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Will Gary Winnick's resignation as chairman of Global Crossing help the bankrupt carrier boost its image?
December 31, 2002
Nearly a year after Global Crossing Holdings Ltd.’s collapse, the bankrupt carrier’s controversial founder and chairman, Gary Winnick, has resigned (see Global Crossing's Winnick Resigns).
In a letter to the Global Crossing board yesterday, Winnick, who has been under investigation for selling off large amounts of stock as the carrier and the industry fell apart, announced he would be leaving the company today (see Global Crossing's Winnick Resigns).
Winnick is the latest in a line of top telecom executives who've left their posts as their embattled companies struggle to distance themselves from the high-flying days of the telecom boom (see Akerson Exits XO, Is Capellas Right for WorldCom?, Qwest Purge Continues, and AT&T 's Armstrong Era Ending ).
“Winnick leaving was what had to happen,” says Jeff Kagan, an independent analyst based in Georgia. “Global Crossing went from being the poster child for the Internet boom to being the poster child for scandal and fraud. It probably should have happened earlier… When scandal hits the fan, you have to get rid of everyone who was associated with it.”
Others concur with this view. “I think that it was in the cards all along,” says i2 Partners LLC analyst Andrei Jezierski. “I don’t think that there was any expectation that Gary Winnick was going to stay.”
In their statements regarding the resignation, neither Winnick nor Global Crossing CEO John Legere indicated that the company’s chairman was pushed out, but sources close to the company say that's probably what happened.
Winnick was among those execs who amassed huge fortunes despite the industry's downturn. Overall, he cashed in more than $500 million on Global Crossing stock (see 2002 Top Ten: Fat Cats). Facing dwindling demand for capacity and saddled with $12.4 billion in debt, Global Crossing filed for bankruptcy in January (see GlobalX: The Burst Bubble).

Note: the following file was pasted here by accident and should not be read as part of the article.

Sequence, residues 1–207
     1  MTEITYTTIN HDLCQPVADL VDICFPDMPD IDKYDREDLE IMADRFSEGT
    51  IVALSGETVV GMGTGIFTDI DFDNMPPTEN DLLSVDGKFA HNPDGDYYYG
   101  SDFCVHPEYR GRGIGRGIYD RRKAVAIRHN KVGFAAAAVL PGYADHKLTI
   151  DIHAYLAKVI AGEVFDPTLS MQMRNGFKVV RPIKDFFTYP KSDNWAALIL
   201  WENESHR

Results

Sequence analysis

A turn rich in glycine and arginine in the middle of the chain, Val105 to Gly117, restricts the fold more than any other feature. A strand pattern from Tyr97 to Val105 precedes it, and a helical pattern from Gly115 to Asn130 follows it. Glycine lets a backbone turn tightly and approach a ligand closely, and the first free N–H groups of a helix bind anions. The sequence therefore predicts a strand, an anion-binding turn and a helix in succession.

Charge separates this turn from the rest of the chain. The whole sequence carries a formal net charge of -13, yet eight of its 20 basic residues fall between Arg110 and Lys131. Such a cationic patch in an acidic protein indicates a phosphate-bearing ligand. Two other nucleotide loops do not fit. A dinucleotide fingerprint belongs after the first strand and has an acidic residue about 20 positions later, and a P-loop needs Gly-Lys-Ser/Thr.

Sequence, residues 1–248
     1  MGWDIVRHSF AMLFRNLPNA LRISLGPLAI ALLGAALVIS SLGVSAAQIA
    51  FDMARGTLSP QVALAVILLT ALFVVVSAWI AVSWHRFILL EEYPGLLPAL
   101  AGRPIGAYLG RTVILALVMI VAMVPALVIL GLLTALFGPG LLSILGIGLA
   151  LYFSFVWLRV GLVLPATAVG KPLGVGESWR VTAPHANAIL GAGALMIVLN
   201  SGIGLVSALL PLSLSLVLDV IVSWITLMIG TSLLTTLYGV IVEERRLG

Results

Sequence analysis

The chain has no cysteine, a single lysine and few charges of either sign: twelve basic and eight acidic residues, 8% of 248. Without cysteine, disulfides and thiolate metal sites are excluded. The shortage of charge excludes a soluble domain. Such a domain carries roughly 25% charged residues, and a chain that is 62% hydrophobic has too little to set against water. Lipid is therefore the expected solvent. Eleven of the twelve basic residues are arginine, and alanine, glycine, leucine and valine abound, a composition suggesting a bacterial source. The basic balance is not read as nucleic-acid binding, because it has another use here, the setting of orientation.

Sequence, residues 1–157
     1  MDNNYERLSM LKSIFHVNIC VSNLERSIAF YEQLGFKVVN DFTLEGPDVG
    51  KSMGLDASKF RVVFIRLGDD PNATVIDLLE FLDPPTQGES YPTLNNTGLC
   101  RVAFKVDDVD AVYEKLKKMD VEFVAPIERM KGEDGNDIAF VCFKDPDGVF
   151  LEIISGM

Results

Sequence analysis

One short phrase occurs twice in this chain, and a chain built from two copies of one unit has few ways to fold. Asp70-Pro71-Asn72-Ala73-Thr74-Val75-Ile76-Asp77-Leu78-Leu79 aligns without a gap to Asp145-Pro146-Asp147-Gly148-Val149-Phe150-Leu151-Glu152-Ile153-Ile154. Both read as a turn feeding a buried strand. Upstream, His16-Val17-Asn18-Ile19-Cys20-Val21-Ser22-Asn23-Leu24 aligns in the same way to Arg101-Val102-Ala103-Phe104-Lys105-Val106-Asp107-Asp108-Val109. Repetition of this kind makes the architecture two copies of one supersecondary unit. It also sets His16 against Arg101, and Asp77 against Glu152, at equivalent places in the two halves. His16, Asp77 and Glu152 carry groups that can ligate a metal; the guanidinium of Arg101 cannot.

Winnick's departure doesn't seem to have taken anyone by surprise, including his company's board, which announced successors nearly simultaneously with Winnick's resignation. The board expects to elect independent directors Jeremiah D. Lambert and Myron E. Ullman, III, as co-chairmen of the board of directors, replacing Winnick and effective today (see Global Crossing Replaces Winnick).
Winnick’s exit comes less than a week after the U.S. Department of Justice concluded that it does not have enough evidence to charge Global Crossing or its former chairman with fraud in connection with his stock sales and the carrier’s bankruptcy filing (see Winnick Subpoenaed). The carrier is, however, still under investigation by the Securities and Exchange Commission (SEC), and former stockholders have filed dozens of class-action lawsuits against both the company and Winnick.
“The collapse of the telecommunications industry… has taken a terrible toll on employees and investors alike, with an unprecedented loss of billions in investments and tens of thousands of jobs,” Winnick acknowledged in his letter to the Global Crossing Board yesterday. “I deeply regret that so many good people involved with Global Crossing also suffered significant financial loss.”
In the letter, Winnick said he’d fulfilled his pledge to give $25 million of his own money to employees who had lost parts of their 401(k) savings when Global Crossing filed for bankruptcy (see Winnick: I'll Cough Up $25M). The money was deposited into an escrow account last week, he said.
The carrier wouldn’t say whether other high-ranking company officials are expected to follow Winnick out the door, but analysts say others will probably leave, too. “I wouldn’t be surprised if other long-term executives followed Winnick’s lead,” Kagan says. “It’s a changing of the guard. Anyone who was associated with the chaos of the last year over there is going to be a constant reminder… You have to get rid of the distractions.”
This move is especially important for Global Crossing as the carrier struggles to reemerge from bankruptcy. Earlier this month, a New York City bankruptcy judge approved Global Crossing’s reorganization plan, which will give Asian investors Hutchison Telecommunications (Hong Kong) Ltd. and Singapore Technologies Telemedia Pte. Ltd. (STT) a 61.5 percent stake in the company in return for a $250 million investment (see Court OKs GlobalX Reorg Plan). Global Crossing says it expects to emerge from bankruptcy in the first half of 2003.
Sources say Winnick's departure may help Global Crossing clean up its image, but they emphasize that more is still needed for the carrier to survive in the long term (see The Post-Chapter 11 Hangover ).
Global Crossing has trimmed its debt down to a mere $200 million and slashed its headcount from 16,000 to 5,350, but analysts point out that both the market conditions and the carrier's business plan are pretty much the same as they were when the company filed for Chapter 11. “They’re coming out of bankruptcy to a large extent in the same state they went in,” Kagan says.
Jezierski agrees, pointing out that at a time when the company is not even paying interest on its debt, it’s still reporting losses of $150 million a month (see GlobalX Meets October Targets). “I don’t think that [Winnick’s] departure will change that,” he says. “[Global Crossing] is still staring at a fundamentally large problem.”
— Eugénie Larson, Reporter, Light Reading
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